SK On Plans to Build Lithium Recycling Plants to Reduce Carbon Emissions
SK Group, South Korea's second-largest company, has announced plans to build lithium recycling plants to cut carbon emissions.
Transportation and Environment (T&E), a European environmental organisation, recently analysed carbon emissions from the production of various battery types.
The manufacturing process for lithium phosphate and iron (LFP) batteries, the primary product of Chinese battery manufacturers, produced 78 kg of carbon dioxide per kilowatt-hour.
The manufacture of nickel, cobalt, and manganese (NCM) batteries produced a similar amount of emissions, 77 kg per kWh. LG Energy Solutions, Samsung SDI, and SK On are the three largest manufacturers of NCM batteries in South Korea.
The procedure for all-solid-state batteries, which uses a solid electrolyte instead of a liquid one, emitted 58 kg/kWh, which is 24 per cent less than that for NCM batteries due to the higher energy density of all-solid-state batteries.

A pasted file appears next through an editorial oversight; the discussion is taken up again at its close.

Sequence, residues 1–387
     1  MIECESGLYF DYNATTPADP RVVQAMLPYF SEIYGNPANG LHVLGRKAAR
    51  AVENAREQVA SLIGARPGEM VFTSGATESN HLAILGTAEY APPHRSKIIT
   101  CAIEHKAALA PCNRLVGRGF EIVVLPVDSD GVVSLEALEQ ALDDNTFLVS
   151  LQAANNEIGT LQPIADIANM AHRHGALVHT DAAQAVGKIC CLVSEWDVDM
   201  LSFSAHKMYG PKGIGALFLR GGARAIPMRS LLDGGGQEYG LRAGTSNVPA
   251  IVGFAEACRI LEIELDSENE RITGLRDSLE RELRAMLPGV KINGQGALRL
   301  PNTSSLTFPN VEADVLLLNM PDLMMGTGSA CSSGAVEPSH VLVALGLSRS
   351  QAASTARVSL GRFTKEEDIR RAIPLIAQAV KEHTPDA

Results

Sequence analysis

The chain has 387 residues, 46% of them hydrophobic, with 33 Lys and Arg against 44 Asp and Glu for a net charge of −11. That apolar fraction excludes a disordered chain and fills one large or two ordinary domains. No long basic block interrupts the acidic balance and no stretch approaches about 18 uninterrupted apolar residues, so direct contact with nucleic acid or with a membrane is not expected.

T&E determined the energy density of LFP battery packs to be 174 Wh per kilogramme, NCM battery packs to be 250 Wh per kilogramme, and all-solid-state battery packs to be 400 Wh per kilogramme. All-solid-state batteries utilise 35 per cent more lithium than lithium-ion batteries but use less carbon-emitting graphite and cobalt.
If raw materials are mined in a sustainable manner, such as extracting lithium through geothermal power generation and utilising waste heat as an energy source, carbon emissions from all-solid-state batteries can be reduced by as much as 39 per cent, to 47 kg/kWh.
Recently, makers of batteries have increased their use of eco-friendly raw materials and are eager to cut carbon emissions.
One example is Compass Mineral of the United States, which struck a business partnership with LG Energy Solution. The company employs renewable energy to directly extract lithium from salt lakes using the DLE technique. T&E determined that DLE may cut water use and has a greater lithium extraction rate than the typical brine evaporation method.
SK On is operating a pilot waste battery recycling plant that recovers lithium hydroxide. The company explains that lithium hydroxide production reduces carbon emissions by 74% compared to mining and 41% compared to salt lakes.
SK On stated in an environmental, social, and governance (ESG) report that it would invest in lithium recycling factories this year. The plants are scheduled to begin operations in the United States and Europe by 2025.
Source: Business Korea